Release Date: 10 July 2007
Release ID: 536
The Port of Belfast today announced plans to reclaim 120 acres of land from Belfast Lough at a cost of £630m to accommodate economic growth.
The announcement was made as an economic report was published detailing the scale of the Port’s contribution to the Northern Ireland economy. Produced by the London based research consultancy ‘cebr’, the study forecasts that by 2025 the Port will need to invest heavily to cater for a doubling of traffic if Northern Ireland is to match economic activity in the rest of the UK.
According to the independent study the Port’s activities directly and indirectly support 187,000 jobs (27% of Northern Ireland’s entire workforce) and 31% of the region’s total economic value (£19.5 billion).
Announcing the plans, Belfast Harbour Commissioners Chairman Len O’Hagan said:
“This report, the first of its kind, clearly demonstrates the vital role the Port of Belfast plays in the Northern Ireland economy. Last year the Port handled over 60% of Northern Ireland imports and exports, valued at £19.5bn.”
“Recent events have transformed our political landscape, and a new chapter in Northern Ireland life has opened. I firmly believe that the best is yet to come and that with a local Assembly focussed on the issue, our target over the next 15-20 years must be to close the gap in economic performance between Northern Ireland and the rest of the UK and the Republic.”
“On a wider context, the ongoing removal of barriers to international trade presents both opportunities and challenges for our economy and we must ensure that Northern Ireland has the infrastructure in place; the terminals, the quays, the warehouses and the roads, to successfully manage the projected growth.”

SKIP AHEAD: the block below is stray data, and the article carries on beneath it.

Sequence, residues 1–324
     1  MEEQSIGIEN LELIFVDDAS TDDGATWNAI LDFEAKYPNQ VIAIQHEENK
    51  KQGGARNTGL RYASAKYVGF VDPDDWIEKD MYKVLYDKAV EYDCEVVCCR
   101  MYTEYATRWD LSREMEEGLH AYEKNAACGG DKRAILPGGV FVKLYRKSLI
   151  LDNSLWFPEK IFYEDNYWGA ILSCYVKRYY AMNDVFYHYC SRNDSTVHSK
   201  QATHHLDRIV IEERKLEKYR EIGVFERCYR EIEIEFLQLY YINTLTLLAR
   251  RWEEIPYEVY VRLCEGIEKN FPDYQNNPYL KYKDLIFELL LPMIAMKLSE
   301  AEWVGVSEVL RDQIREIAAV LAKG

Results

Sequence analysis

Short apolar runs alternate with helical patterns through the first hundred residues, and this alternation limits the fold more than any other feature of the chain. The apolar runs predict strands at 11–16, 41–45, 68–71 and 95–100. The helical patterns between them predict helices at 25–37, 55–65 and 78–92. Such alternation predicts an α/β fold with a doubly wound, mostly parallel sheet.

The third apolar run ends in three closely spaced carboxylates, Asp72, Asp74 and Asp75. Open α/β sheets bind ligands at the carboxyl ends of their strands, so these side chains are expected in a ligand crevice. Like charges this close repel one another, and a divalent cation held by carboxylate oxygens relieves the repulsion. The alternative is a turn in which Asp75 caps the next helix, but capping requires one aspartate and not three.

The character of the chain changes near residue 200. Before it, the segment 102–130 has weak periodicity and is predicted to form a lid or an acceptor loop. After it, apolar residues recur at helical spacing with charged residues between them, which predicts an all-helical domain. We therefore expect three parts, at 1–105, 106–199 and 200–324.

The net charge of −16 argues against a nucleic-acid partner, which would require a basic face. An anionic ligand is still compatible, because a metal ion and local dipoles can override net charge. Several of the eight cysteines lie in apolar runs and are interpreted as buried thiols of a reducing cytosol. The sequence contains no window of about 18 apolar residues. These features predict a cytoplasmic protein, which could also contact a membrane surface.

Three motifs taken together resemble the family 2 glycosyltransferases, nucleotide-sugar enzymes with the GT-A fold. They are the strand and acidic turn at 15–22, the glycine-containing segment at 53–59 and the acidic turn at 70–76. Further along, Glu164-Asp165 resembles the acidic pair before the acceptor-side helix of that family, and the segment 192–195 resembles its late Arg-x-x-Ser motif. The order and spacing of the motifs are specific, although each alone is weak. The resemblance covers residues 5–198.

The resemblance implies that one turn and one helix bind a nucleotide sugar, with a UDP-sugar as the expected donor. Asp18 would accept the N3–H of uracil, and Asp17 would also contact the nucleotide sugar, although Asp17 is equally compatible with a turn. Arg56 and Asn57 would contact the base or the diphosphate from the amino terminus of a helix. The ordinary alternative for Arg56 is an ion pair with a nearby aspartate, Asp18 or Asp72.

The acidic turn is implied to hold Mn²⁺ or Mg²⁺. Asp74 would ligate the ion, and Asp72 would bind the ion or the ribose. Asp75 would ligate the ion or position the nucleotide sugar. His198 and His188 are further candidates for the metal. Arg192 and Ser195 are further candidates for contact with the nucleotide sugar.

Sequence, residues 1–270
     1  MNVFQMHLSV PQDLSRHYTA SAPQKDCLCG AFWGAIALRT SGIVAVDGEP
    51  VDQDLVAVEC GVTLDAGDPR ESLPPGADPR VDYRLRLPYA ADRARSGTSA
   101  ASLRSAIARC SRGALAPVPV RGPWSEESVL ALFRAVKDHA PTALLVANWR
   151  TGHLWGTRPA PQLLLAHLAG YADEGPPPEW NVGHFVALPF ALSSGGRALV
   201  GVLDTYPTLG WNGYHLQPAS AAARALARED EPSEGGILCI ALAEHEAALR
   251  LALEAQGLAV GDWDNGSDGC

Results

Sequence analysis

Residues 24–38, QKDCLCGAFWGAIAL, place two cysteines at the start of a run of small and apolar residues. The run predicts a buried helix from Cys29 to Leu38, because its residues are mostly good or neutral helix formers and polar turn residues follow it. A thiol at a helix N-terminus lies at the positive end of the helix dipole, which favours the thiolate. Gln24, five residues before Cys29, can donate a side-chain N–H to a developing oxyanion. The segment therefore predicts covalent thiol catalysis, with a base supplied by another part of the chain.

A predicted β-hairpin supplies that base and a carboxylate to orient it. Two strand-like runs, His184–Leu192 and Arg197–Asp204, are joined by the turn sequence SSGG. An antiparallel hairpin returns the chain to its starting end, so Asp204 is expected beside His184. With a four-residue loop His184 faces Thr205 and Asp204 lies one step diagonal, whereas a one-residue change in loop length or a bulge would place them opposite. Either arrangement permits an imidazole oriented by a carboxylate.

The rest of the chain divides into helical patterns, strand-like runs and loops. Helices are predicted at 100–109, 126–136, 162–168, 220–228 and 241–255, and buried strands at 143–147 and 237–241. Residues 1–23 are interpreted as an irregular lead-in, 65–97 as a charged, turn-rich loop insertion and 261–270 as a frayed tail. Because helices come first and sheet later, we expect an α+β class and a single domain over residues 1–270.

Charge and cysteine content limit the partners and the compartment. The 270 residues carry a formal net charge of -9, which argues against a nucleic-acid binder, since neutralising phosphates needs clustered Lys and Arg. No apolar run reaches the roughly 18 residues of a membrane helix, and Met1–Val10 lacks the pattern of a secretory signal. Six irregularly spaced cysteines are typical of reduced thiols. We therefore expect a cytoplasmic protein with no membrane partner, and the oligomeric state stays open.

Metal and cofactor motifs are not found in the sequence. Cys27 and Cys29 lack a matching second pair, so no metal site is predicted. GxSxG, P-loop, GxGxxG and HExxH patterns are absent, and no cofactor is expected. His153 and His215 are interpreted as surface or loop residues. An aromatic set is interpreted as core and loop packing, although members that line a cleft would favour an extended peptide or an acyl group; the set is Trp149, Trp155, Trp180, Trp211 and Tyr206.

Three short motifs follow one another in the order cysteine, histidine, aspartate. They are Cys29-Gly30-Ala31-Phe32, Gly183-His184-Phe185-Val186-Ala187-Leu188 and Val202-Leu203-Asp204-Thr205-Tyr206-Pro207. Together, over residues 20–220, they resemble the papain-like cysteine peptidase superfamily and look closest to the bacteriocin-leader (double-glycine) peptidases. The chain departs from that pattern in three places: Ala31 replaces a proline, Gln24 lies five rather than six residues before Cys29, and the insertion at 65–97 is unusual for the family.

“Our plans for future investment are a clear demonstration of the Port’s commitment, both to Northern Ireland, and to the continued growth of our economy.”
Roy Adair, CEO , Port of Belfast, said:
“Today’s report shows how important the Port of Belfast is to the continued success of the Northern Ireland economy. Economic growth means that current Port land resources will become exhausted and it is for this reason that we plan to reclaim 120 acres from Belfast Lough. The new land will support an additional 6 km of quayside and will require a total investment of £630m.”
“Since Belfast’s earliest days, the Port has ensured that local products can reach markets across the world. From our original base at the bottom of High Street, we have grown, and will continue to grow, to meet the needs of the Northern Ireland economy.”
It’s also estimated that 17,000 people (19% of Belfast’s total) work within the Harbour Estate and that the Port and its tenants annually pay over £11million in rates or 8.1% of Belfast City Council’s total.
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